German parliament begins ′divisive′ budget debate | Germany| News and in-depth reporting from Berlin and beyond | DW | 14.09.2010
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German parliament begins 'divisive' budget debate

The Bundestag, Germany's lower house, has begun its debate on the 2011 budget. The finance ministry is looking to reduce spending drastically but there is opposition as to where those reductions are being made.

The German Bundestag

The four-day budget debate is expected to be heated

The Bundestag, Germany's lower house, convened this Tuesday to begin discussing the budget for 2011. According to the finance ministry, spending cuts adding up to 12 billion euros ($15 billion) are planned.

Germany, like many other countries around Europe still dealing with the effects of the financial crisis, is faced with the need to make massive spending cuts to balance its budget.

In June the federal government in Berlin proposed an unprecedented package of austerity measures that aim to reduce government spending by 80 billion euros over the next four years.

Distribution of austerity

The spending cuts have been extensively debated since being proposed. The criticism, however, is not focused on the amount of the cuts or whether they are necessary, as consensus was reached in June regarding the need to balance the budget.

SPD politician Joachim Poss

Poss objects to the 'unbalanced' distribution

With that being said, opposition politicians have severely criticized where the planned spending cuts are being made, which will make for continued debate over the next four days among parliamentarians in Berlin.

The current head of the Social Democrats' (SPD) parliamentary faction, Joachim Poss, said on Tuesday ahead of the budget debate the proposed cuts were "socially unbalanced." He added: "This is a budget proposal that will further divide our country. [The center-right government] is dividing our country."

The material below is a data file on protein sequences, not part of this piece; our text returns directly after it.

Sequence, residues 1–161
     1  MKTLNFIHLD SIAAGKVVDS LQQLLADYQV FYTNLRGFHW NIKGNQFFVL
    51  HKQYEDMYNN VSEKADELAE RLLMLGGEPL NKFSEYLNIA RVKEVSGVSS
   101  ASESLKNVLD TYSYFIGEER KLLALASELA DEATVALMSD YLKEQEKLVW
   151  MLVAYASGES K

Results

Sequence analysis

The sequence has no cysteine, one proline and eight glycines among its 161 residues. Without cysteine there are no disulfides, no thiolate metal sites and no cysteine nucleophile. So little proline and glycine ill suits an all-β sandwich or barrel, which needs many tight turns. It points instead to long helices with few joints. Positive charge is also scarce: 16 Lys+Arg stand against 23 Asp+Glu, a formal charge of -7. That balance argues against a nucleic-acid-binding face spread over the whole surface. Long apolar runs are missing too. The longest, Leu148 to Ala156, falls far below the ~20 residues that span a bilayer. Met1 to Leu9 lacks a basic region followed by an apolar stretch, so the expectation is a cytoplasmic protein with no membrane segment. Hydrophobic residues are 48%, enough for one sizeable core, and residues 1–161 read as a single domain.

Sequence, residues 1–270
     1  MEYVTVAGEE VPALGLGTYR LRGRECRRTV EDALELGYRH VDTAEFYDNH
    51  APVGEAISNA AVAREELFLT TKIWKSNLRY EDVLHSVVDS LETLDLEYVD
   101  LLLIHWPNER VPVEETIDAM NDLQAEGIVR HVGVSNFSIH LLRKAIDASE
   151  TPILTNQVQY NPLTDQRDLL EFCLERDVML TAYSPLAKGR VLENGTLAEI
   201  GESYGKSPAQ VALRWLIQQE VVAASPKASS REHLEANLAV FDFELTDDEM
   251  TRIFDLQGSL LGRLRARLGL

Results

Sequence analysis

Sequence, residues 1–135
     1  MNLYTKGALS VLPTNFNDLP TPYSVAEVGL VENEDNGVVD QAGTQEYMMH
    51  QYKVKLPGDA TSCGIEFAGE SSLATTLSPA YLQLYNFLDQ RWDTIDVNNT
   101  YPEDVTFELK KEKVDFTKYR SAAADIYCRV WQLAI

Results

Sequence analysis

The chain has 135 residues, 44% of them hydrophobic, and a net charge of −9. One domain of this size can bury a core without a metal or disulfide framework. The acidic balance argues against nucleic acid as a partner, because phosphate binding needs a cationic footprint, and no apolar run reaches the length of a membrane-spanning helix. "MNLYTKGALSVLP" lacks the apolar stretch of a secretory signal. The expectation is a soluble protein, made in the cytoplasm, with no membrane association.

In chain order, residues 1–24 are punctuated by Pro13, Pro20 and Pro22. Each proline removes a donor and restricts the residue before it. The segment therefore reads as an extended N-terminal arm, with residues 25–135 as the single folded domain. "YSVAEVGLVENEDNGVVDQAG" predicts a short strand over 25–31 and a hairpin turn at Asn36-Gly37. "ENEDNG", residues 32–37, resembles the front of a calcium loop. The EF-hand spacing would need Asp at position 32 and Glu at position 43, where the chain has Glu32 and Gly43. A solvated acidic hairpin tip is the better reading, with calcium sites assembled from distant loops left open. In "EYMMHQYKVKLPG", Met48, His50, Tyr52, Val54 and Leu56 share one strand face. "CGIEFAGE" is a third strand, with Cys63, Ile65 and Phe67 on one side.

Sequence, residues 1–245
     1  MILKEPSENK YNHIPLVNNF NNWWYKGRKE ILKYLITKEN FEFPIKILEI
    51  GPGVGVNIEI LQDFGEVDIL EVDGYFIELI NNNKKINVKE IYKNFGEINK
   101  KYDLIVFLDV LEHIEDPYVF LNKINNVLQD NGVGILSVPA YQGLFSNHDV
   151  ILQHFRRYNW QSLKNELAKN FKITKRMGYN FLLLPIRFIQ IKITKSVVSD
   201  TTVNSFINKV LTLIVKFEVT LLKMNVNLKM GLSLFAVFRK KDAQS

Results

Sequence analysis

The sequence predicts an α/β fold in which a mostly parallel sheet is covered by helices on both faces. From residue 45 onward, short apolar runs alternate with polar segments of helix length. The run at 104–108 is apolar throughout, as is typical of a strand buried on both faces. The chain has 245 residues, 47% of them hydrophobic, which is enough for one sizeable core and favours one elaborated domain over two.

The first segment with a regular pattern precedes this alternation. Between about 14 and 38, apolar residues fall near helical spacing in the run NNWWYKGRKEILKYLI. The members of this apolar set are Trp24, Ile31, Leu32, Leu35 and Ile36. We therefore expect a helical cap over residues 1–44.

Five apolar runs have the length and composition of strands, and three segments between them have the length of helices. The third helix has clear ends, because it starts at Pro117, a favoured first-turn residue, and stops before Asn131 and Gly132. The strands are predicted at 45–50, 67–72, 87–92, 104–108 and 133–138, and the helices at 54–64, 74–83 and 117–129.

The Social Democrats argue that social areas are bearing the brunt of the spending cuts, for instance unemployment and child benefits, and that the wealthy are being spared.

From 2010 to 2011, spending for social benefits will decrease from 54 to 50 percent of the total federal budget. The labor ministry is facing the largest cuts; it will have 10 percent less funds at its disposal in 2011 compared to this year.

Motivation for spending cuts

The head of the governing Free Democrats' (FDP) parliamentary faction, Birgit Homburger, responded to criticism on Monday by applauding the government's desire to rein in the budget.

A red pencil

The FDP says spending cuts are hard but necessary

She said that the children of Germany's future generations "will not be able to play on mountains of debt," adding that this was "our motivation for the spending cuts."

The FDP's budget expert, Otto Fricke, echoed Homburger's praise of the government's austerity package; however, he added that changes were possible with regard to the distribution of the cuts.

"We will consider any suggestions for improvement of the proposal, insofar as these are concrete alternatives," Fricke said in Berlin.

Tuesday's federal budget debate will be followed by discussions of the individual ministerial budgets. The Bundestag is scheduled to pass the overall 2011 budget in late November.

Author: Gabriel Borrud (AFP/dpa)
Editor: Rob Turner

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